In spite of holding these views, Qaradawi was not an ‘extremist’ in Sadiq Khan’s eyes. In 2006, by which time Khan had been elected to Parliament, Khan was one of the signatories of a letter to the Guardian that blamed terrorist incidents, such as 7/7, on British foreign policy, particularly Britain’s support for Israel. ‘It is our view that current British government policy risks putting civilians at increased risk both in the UK and abroad,’
Should Mayor Khan decide to, he can render a real public service by not shying away from the issue of what it means to be a practicing Muslim in a Western nation. He can align himself with the call for tougher counterterrorism measures suggested by the British PM and be the first to demand that the UK must not pretend that things can remain the same. Khan can abandon the politically correct rhetoric about Islam and the legitimacy of terror to advance political goals, whether it be ISIS or the Palestinians who have been using terror for the latter part of the past 100 years, at first against Jews and later against the State of Israel. Khan could share his new understanding that what was perceived in the past as threat on Israel is now beginning to be understood as a problem for Britain and the Western world as a whole. This is the meaning of the Islamic Domino Effect.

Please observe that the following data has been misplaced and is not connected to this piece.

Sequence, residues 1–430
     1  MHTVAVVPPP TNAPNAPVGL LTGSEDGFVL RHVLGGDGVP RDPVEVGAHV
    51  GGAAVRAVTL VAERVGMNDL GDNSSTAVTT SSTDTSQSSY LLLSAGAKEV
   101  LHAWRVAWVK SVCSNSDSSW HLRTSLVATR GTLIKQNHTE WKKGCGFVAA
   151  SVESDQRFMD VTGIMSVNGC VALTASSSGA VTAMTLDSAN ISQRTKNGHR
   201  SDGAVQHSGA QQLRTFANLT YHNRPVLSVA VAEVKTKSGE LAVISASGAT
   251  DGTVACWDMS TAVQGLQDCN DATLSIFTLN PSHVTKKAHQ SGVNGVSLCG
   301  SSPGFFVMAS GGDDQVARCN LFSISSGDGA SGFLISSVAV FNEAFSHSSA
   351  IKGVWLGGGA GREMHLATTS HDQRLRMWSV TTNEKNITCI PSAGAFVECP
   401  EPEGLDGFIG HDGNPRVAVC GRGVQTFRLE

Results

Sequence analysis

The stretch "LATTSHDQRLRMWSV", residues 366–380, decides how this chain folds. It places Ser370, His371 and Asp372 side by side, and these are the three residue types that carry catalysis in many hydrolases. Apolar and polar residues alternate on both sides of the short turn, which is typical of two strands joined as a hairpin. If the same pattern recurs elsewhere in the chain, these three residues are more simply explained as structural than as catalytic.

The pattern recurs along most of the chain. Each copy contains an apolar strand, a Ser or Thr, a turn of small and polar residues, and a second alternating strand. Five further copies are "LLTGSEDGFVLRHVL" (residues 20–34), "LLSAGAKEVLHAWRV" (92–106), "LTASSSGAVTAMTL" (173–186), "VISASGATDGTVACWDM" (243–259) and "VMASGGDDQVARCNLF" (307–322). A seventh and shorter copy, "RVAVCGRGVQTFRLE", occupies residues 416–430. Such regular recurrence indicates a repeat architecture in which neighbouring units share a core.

Andrew C. McCarthy June 5, 2017: “Islamist extremism” is an ideology that preaches hatred, sows division and promotes sectarianism. It is an ideology that claims our Western values of freedom, democracy, and human rights are incompatible with the religion of Islam. And what right-thinking Western politico’s post-mass-murder speech would be complete without May’s insistence that this ideology is — all together now! — “a perversion of Islam and a perversion of the truth.” Sigh. What does Theresa May know about Islam such that she can decide what is a perversion of it? Precious little, I’d wager. Otherwise, she’d not babble on about “Islamist extremism,” a term right out of the Department of Redundancy Department. If you are an Islamist in the West, you are, by definition, an extremist. An Islamist is a Muslim who believes Islam requires the imposition of sharia, Islam’s ancient, totalitarian societal system and legal code. “Islamist” is a term we in the West use in the hope that, because there are Muslims who are tolerant, pro-Western people, it must not be inevitable that Islam itself — or at least some interpretations of Islam — will breed the fundamentalist, literalist, supremacist construction of Islam. It may be a grave error to adopt this hope, especially since it has been elevated into seemingly incorrigible policy. Does the incontestable existence of moderate Muslim individuals necessarily translate into a coherent, viable doctrine of moderate Islam? Turkey’s President Recep Tayyip Erdogan, to take just one very influential Muslim leader, says no: The West’s invocation of “moderate Islam” is “ugly,” he counters, because “Islam is Islam, and that’s it.” Erdogan is a close ally of the Muslim Brotherhood, the world’s most influential Islamist organization. If he’s right that there’s just one true Islam, rest assured that it’s not friendly to the West. Erdogan describes the Western call for Muslim migrants to assimilate in their new European societies as “a crime against humanity.” Meanwhile, many students of Islam observe that its aggressiveness, intolerance of non-Muslims, and subjugation of women are indisputably rooted in Islamic scripture. Wherever there is Islam, they maintain, there will inevitably be Islamists; and when those Islamists reach a critical mass of population (which can be considerably less than 50 percent), there will inevitably be sharia activism. They may be right. I don’t want them to be . . . but hope is not a national-security strategy — even if it has been the West’s national-security strategy for a quarter-century. Obviously, there are gradations of extremism. Some Islamists are violent jihadists. Some support violent jihadists but eschew violence themselves. Some may reject violence (or at least say they do) and claim to seek sharia imposition only by peaceful persuasion. Some may lie about their intentions, pretending to oppose both violence and the imposition of sharia, or pretending that sharia is really moderate, peaceful, and perfectly compatible with Western notions of freedom, democracy, and human rights. But they all want sharia. If you are a Muslim who wants British law supplanted by Islamic law, that is not a moderate position, even if you’re not prepared to drive a van into a crowd of infidels over it. If that’s where you’re coming from, you are a Muslim extremist — an Islamist. Jihadist terrorists do not kill wantonly. They kill for a purpose: namely, to impose sharia. To speak of “Islamist extremists” is either gibberish or a form of political correctness designed to conceal a position one knows makes no sense but feels compelled to take anyway. Since I believe Prime Minister May is no dolt, I am betting on the latter: She is using “Islamist extremist” as code for “terrorist,” even though she knows, deep down, that this makes no sense — i.e., it is inconsistent with her correct insistence that the violence that aggrieves Britain is ideologically motivated. Jihadist terrorists do not kill wantonly. They kill for a purpose: namely, to impose sharia. The ideology that motivates them does not endorse violence for its own sake. It reflects what Islam takes as the divine imperative that life be lived under the strictures of sharia. That is the ideology. The problem that Mrs. May has is that it is an ideology shared by many Muslims who are not terrorists. Britain, like many in America, wants to embrace these Muslims as “moderates,” notwithstanding their hostility to Western society and law. May would prefer not to connect the dots that tell us these Muslims, even if not jihadists themselves, are pillars of the ideological support system in which jihadism thrives — they are, as some have aptly put it, the sea in which the jihadist sharks swim, and without which the sharks could not survive. It is not merely al-Qaeda or the Islamic State that says Islam is incompatible with the Western understanding of human rights. In 1990, the 57 member-governments of the Organization of the Islamic Conference (now renamed the Organization of Islamic Cooperation) issued the Cairo Declaration of Human Rights in Islam. These representatives of the world’s 1.6 billion Muslims took this action precisely because Islam could not be content with the so-called Universal Declaration of Human Rights promulgated in 1948 by the United Nations General Assembly. The latter is incompatible with the two key provisions of the Cairo Declaration: Articles 24, which states: “All the rights and freedoms stipulated in this Declaration are subject to the Islamic Shari’ah”; and Article 25, which adds: “The Islamic Shari’ah is the only source of reference for the explanation or clarification of any of the articles of this Declaration.” The Western understanding of freedom and democracy holds that people have a right to govern themselves. We draw a line between the secular and the sacred, rejecting the establishment of a state religion. To the contrary, as explained by Sheikh Yusuf al-Qaradawi, perhaps the world’s most influential Sunni sharia scholar, “secularism can never enjoy a general acceptance in an Islamic society,” because “the acceptance of secularism means abandonment of Shari’ah, a denial of the divine guidance and a rejection of Allah’s injunctions.” Qaradawi elaborated (in his book, How the Imported Solutions Disastrously Affected Our Ummah), “Islam is a comprehensive system of workship (Ibadah) and legislation (Shari’ah).” Thus: “The call for secularism among Muslims is atheism and a rejection of Islam. Its acceptance as a basis for rule in place of Shari’ah is downright apostasy.” Lest we forget, apostasy from Islam is a capital offense in Islamic law. It is punished as such not just by terrorist organizations but by governments in Muslim-majority countries. In the Middle East, at least, sharia is not extremist Islam. It is Islam. Pace Prime Minister May, it is not “Islamist extremism” that “claims our Western values of freedom, democracy and human rights are incompatible with the religion of Islam.” This is a conceit of leading Islamic scholars and governments. One need not agree with them or concede that theirs is the only interpretation of Islam. But one should grant that their interpretation is no perversion — and that they just might know a lot more about the subject than non-Muslim politicians in the West. Mrs. May is half right. We are confronted by an ideology. But it is sharia supremacism, the belief that Islamic law must be imposed on society. To limit our attention to violent jihadists is to remain willfully blind to what inspires the jihadists. That is what has to be confronted, if we have the stomach for it.